Federal Reserve Boosts Rates by Half-Point, the Most Since 2000

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Additional 50-basis-point increases are ‘on the table’ at the Fed’s next meetings, Powell says

The Federal Reserve raised interest rates by the most since 2000 on May 4 as part of efforts to fight 40-year-high inflation.

Officials serving on the Federal Open Market Committee (FOMC) agreed to increase the benchmark fed funds rate by 50 basis points, bringing it to a target range of 0.75 percent to 1 percent. The central bank’s decision was in line with market expectations.

“There is a broad sense on the committee that additional 50 basis points increases should be on the table at the next couple of meetings,” Fed Chairman Jerome Powell announced at a post-meeting press conference.

The Fed also will begin trimming its nearly $9 trillion balance sheet, confirming that it will start selling $47.5 billion in assets per month. After three months, the central bank would increase asset reductions to $95 billion per month, a measure that might reduce liquidity from money markets for several years.

In a FOMC statement, the Fed acknowledged that it is concerned about elevated broad-based inflation pressures.

“Although overall economic activity edged down in the first quarter, household spending and business fixed investment remained strong. Job gains have been robust in recent months, and the unemployment rate has declined substantially. Inflation remains elevated, reflecting supply and demand imbalances related to the pandemic, higher energy prices, and broader price pressures,” the FOMC said.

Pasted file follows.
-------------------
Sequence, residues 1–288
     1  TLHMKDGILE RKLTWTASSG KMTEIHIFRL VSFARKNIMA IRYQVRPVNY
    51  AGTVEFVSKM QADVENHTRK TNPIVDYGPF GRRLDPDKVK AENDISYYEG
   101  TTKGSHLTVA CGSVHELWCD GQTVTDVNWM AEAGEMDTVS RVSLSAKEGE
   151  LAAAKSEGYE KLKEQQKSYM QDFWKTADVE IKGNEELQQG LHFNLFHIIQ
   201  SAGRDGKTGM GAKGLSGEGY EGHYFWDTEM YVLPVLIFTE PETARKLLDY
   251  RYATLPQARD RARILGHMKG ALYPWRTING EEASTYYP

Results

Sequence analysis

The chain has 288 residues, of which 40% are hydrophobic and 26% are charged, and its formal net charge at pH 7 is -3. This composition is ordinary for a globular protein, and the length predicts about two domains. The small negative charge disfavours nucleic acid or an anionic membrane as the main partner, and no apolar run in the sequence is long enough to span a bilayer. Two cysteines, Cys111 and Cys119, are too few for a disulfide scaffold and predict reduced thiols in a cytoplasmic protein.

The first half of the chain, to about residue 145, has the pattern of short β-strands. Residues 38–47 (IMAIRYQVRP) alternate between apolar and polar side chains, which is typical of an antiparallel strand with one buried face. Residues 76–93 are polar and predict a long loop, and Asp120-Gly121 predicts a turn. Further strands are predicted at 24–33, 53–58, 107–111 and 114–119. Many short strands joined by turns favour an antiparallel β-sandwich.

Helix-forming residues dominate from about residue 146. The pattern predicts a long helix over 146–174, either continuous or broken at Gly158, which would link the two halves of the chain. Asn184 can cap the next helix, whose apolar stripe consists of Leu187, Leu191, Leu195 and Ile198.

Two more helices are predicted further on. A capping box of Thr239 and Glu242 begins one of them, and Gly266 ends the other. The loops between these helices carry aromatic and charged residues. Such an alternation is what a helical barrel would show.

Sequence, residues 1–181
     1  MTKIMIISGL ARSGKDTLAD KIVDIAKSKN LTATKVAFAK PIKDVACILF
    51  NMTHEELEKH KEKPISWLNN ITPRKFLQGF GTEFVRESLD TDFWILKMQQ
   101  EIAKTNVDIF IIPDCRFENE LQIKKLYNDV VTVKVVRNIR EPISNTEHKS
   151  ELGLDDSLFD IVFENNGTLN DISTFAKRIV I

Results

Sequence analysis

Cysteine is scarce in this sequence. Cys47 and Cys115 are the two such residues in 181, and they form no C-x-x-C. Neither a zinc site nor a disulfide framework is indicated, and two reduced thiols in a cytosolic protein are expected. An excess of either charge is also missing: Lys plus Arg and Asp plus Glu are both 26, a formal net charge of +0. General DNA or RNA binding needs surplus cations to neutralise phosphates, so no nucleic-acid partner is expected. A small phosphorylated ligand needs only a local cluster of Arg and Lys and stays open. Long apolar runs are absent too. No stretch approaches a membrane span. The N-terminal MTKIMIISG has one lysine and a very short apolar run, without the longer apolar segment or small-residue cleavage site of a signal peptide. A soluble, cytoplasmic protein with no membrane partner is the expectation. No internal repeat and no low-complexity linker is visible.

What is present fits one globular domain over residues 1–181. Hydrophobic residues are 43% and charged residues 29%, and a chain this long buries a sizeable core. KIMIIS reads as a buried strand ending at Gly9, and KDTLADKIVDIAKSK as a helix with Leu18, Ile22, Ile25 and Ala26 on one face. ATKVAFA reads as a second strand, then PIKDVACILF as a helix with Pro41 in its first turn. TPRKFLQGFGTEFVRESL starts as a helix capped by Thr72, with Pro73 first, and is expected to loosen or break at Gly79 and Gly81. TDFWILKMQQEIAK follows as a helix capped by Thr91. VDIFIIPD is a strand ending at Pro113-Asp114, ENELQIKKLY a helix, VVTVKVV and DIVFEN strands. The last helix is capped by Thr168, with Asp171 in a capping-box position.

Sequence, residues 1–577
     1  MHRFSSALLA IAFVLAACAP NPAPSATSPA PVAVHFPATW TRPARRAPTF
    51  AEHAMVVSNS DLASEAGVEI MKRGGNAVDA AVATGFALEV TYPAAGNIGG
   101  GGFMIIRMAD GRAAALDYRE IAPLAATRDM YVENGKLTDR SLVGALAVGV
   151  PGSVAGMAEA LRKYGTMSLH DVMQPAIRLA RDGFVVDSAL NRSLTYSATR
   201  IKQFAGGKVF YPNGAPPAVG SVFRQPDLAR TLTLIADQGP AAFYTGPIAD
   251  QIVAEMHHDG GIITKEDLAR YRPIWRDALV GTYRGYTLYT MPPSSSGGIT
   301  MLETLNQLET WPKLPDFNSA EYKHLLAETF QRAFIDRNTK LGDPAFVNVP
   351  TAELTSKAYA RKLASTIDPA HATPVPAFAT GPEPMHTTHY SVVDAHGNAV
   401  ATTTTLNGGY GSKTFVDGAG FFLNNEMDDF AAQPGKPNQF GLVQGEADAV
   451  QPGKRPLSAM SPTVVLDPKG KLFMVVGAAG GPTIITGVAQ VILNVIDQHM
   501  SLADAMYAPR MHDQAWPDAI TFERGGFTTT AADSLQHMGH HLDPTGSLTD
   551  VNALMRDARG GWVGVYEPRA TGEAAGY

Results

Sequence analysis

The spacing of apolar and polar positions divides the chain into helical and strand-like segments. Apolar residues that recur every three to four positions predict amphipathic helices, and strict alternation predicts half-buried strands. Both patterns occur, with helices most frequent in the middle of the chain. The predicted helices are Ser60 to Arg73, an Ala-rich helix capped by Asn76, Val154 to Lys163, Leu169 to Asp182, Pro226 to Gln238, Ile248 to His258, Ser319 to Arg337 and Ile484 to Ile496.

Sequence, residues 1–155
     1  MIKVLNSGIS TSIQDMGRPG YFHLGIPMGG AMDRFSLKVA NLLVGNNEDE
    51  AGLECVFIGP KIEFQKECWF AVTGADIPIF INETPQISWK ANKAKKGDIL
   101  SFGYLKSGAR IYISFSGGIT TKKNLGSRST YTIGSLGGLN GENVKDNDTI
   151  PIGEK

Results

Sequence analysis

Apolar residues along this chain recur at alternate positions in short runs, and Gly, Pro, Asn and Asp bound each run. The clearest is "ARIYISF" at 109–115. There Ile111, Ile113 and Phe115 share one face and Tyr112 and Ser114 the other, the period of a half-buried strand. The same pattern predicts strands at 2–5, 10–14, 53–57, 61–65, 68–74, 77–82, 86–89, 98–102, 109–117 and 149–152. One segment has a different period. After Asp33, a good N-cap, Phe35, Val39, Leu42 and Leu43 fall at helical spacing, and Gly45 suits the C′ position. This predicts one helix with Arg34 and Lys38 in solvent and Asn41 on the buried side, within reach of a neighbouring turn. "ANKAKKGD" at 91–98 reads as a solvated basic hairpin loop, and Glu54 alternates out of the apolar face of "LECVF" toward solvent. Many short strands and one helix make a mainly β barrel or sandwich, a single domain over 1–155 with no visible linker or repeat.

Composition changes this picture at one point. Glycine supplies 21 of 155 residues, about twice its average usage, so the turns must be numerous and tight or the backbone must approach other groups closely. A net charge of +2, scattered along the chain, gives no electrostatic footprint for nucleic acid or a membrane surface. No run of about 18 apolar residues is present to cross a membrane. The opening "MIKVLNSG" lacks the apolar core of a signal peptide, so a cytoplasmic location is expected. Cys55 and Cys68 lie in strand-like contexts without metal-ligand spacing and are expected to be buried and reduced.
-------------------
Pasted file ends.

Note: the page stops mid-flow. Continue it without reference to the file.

“The invasion of Ukraine by Russia is causing tremendous human and economic hardship. The implications for the U.S. economy are highly uncertain. The invasion and related events are creating additional upward pressure on inflation and are likely to weigh on economic activity. In addition, COVID-related lockdowns in China are likely to exacerbate supply chain disruptions. The Committee is highly attentive to inflation risks.”

The Fed’s decisions influence borrowing costs, which is why interest rates are very important. When rates are higher, it might discourage more consumers from taking out a mortgage or applying for an automobile loan.

By Andrew Moran

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